Jordan election turn-out tests support for democracy

AMMAN - In a school in the poor Wehdat area of south Amman, the veiled young women sitting at the schoolbenches were older than usual for these classrooms. Yet they had their eyes fixed on the teacher's table, and the three white ballot boxes, writes Charles Richards.

There were more than 20 candidates for three seats in the second district of Amman, which includes Wehdat, in polling yesterday. However, by 1pm only about 15 per cent of female voters had heeded King Hussein's exhortation to vote as a national duty.

The district was a stronghold of the most militant of all Islamist politicians, Sheikh Abdel Moneim Abu Zant. His virulent opposition to the PLO-Israel peace accord, and his personal attacks on the PLO chairman Yasser Arafat were expected to alienate many voters.

The constituency was the largest in the land but had only three candidates. More than 90 per cent of residents are Jordanians of Palestinian origin, and many have accused the government of gerrymandering. in favour of East Bank Jordanians.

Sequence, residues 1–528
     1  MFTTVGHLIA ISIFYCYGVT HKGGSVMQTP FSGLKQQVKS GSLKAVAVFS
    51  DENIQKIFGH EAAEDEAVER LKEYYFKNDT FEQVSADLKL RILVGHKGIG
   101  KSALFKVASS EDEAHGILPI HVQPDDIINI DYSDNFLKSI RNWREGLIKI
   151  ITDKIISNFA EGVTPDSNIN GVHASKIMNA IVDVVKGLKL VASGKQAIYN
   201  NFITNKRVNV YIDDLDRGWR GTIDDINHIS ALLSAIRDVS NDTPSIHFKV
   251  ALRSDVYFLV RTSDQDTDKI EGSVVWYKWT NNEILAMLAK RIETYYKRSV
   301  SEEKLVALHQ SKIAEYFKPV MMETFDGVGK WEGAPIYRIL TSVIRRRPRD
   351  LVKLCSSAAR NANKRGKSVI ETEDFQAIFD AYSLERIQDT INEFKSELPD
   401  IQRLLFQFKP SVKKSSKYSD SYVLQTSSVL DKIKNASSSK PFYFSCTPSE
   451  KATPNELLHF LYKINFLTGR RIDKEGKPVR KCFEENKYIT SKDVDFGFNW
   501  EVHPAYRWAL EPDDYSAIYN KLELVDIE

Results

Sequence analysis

In Amman, 173 candidates stood for 21 seats in six constituencies. The veteran Communist Party leader Yaacoub Ziadin was a candidate for the seat reserved for Christians. Results for the 80 seat parliament are due this afternoon. Less important than the composition of what is a fairly impotent parliament will be the voter turn-out as an indicator of popular support for the electoral process or apathy towards it.